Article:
Barcelona - Gothic QuarterTake a look at the old shops, especially when their gates are closed, they a full of graffiti which will give your photo a feeling of abandoned and destroyed. If you are comfortable enough try to take some photos of people. Remember you are allowed to shoot photos of anyone if he is in a public place without asking for permission, but try to follow the simple rule of being polite and as less invasive as possible. At the Gothic Quarter there are also many museums and monuments especially old churches that are favored by many visitors. They are usually crowded with long queues and is really difficult to shoot a good photo. The first day I arrived at Barcelona it was raining a lot and I had the chance to visit some very popular destinations like the Picasso museum or the Church Englesias and get a few photos as I would like them to be. My advise is to visit these places at times when people are out for lunch and never at weekends. Late at night before they close is also a good time but not very good value for the money that you pay for the entrance fee.

Barcelona - BarcelonetaBarceloneta
Barceloneta is the area were the fun is. It's the sea side area on the south east of the city. The very long beach with the palm trees on the side create a fantastic oportunity. Fit in you wide lens and capture the seaside. Zoom in and take some photos of the surfers or the relaxed people on the beachbar. Remember there is a lot of sun in this area and you will need a lens hood and a good filter to avoid flaring. The best times to visit the area are 6pm to 8pm, there are fewer people and light is just perfect!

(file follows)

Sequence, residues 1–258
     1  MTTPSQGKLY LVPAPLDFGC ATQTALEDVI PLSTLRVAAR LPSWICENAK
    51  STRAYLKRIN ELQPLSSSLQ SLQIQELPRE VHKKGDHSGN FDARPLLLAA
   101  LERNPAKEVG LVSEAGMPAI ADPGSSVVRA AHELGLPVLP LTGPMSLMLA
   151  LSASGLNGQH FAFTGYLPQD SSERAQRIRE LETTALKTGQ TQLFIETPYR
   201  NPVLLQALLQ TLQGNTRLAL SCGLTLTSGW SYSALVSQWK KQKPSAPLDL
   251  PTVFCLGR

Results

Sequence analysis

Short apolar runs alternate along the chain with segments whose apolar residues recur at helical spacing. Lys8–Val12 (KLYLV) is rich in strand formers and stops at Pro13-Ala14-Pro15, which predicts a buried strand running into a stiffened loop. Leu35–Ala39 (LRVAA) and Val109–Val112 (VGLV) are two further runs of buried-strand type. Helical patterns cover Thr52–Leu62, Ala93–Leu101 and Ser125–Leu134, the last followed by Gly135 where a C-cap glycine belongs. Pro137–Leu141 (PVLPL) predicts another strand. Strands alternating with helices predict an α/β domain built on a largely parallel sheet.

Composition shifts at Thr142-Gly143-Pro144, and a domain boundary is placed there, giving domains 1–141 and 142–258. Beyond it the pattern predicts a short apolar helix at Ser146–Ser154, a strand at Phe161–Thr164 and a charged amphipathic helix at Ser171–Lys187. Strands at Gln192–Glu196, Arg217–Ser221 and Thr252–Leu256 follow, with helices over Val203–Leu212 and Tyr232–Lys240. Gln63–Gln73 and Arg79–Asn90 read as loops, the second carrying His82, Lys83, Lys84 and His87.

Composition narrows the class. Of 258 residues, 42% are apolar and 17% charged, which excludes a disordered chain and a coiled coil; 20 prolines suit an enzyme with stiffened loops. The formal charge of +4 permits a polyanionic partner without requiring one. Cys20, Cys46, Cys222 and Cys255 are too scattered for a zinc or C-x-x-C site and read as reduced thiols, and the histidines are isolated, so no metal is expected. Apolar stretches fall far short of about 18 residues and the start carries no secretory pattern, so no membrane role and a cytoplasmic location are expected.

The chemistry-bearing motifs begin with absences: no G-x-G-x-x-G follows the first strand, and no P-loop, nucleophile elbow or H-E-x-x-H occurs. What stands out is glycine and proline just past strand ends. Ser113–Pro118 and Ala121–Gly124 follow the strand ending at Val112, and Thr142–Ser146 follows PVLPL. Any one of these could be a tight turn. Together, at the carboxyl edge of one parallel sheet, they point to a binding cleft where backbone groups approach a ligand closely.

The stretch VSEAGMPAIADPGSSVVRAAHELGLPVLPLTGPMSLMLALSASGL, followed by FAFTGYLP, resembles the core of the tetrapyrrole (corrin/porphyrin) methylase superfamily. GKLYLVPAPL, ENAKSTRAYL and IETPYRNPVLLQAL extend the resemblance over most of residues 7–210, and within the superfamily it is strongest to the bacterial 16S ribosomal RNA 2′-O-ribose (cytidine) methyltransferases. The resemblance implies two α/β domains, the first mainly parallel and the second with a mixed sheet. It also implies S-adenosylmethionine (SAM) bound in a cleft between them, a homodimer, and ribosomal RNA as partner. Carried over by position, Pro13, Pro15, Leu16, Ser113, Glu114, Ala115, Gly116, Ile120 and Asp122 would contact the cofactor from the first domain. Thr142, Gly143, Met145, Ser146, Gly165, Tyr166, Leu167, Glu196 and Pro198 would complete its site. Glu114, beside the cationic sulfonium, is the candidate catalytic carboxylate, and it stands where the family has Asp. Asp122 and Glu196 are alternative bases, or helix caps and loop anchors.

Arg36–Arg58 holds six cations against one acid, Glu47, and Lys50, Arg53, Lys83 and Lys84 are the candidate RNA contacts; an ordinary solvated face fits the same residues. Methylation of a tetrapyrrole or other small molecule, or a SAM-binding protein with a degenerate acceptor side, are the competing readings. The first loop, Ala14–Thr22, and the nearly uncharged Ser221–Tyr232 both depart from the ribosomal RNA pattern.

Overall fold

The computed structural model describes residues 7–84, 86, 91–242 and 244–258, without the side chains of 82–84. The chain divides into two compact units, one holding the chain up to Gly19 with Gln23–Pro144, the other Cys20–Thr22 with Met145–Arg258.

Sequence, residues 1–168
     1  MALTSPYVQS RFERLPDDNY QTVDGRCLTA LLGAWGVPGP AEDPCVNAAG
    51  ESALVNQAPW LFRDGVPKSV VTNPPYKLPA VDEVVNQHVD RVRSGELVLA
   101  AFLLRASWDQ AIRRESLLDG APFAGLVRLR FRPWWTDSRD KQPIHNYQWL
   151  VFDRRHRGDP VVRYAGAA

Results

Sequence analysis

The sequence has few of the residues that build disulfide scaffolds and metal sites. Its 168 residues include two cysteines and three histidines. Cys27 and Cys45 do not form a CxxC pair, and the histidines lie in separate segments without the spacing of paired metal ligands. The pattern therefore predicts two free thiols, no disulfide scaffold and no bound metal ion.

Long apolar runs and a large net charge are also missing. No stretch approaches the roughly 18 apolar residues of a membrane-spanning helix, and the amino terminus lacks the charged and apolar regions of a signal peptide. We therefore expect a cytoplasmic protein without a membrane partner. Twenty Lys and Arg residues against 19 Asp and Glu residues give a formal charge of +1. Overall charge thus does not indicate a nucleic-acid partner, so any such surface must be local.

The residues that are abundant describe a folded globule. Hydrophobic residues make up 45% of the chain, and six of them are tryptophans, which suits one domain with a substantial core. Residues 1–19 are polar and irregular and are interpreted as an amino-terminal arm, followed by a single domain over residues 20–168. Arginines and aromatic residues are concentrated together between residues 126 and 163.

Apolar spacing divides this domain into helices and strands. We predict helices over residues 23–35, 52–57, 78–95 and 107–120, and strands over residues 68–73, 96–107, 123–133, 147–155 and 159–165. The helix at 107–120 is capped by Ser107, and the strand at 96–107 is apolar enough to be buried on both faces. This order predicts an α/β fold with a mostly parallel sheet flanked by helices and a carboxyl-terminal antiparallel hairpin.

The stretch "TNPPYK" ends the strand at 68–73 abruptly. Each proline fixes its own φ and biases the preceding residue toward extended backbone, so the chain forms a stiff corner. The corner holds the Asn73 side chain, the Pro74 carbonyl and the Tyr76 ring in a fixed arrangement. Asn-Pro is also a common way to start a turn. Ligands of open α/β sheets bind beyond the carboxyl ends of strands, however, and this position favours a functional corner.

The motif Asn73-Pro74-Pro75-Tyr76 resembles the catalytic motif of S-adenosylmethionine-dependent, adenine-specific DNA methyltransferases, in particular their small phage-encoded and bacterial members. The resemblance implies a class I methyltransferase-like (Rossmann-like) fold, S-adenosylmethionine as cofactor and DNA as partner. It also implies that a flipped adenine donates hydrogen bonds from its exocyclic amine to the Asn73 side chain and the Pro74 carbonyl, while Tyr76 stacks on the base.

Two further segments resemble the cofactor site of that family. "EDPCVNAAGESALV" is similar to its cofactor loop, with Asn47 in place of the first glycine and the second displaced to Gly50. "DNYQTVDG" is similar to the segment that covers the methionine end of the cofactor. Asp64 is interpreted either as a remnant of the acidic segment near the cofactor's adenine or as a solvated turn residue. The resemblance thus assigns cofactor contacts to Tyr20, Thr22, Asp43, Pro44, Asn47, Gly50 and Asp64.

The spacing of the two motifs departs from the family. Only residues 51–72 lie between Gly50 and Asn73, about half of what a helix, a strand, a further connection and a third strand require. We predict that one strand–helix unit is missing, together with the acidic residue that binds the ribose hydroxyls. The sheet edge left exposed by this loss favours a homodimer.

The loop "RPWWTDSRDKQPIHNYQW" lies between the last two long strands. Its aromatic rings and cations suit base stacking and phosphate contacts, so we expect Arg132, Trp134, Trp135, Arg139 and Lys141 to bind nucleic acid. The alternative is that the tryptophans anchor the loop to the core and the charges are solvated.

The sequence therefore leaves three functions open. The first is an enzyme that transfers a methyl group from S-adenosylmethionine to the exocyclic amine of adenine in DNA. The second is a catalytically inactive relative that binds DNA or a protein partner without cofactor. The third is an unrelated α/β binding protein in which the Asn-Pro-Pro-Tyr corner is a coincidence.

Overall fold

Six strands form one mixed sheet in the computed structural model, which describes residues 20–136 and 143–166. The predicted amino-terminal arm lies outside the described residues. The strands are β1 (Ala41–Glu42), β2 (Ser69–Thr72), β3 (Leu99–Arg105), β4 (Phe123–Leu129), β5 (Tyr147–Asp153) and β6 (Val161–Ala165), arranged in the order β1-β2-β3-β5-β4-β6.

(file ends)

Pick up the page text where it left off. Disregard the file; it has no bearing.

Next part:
Barcelona - Barceloneta Barceloneta has also some very nice streets and interesting shops. You will find here the small neighborhoods with the narrow roads where kids play football on the streets. Walk down the coast line past Villa Olympico Station. You will find out some great images of very tall scyscrapers standing next to the small graphic port. There are roads lined with palm trees and people taking an evening run or couples kissing under the moonlight.
You should take a break and shit for a nice coctail at a beach bar. They have this very big couches where you can lie down and enjoy your drink. Beleive me even then there is a great photographic oportunity shooting the people walking down the street or the patterns of the flower shaped candles on the bar.

Barcelona - Rooftops Rooftops
A good place to shoot some nice landscape photos is at the top of a rooftop. In my case the hotel had a nice small bar with a pool on the 6th floor of the building but you could find some vey tall buildings like the Pedrera or the some old gothic temples where you can see the whole city. A very good destination is also the Montjuic mountain which you can access walking or by using the teleferic. For my photos I didn't have tripod so I used a steady area and shoot 3 photos of the same subject by changing the metering by 2 stops: -2..0..+2 then in Photoshop or Photomatrix pro, you can join the photos to create HDR versions. The result is really impressive and you get some really interesting and very powerful photos of the city.


Article listed in "Photography"